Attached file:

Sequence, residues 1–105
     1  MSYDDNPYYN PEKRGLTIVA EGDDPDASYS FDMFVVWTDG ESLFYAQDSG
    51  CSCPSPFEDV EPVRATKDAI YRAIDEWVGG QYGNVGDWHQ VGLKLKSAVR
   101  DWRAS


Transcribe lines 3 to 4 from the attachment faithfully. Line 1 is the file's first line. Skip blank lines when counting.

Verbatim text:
    51  CSCPSPFEDV EPVRATKDAI YRAIDEWVGG QYGNVGDWHQ VGLKLKSAVR
   101  DWRAS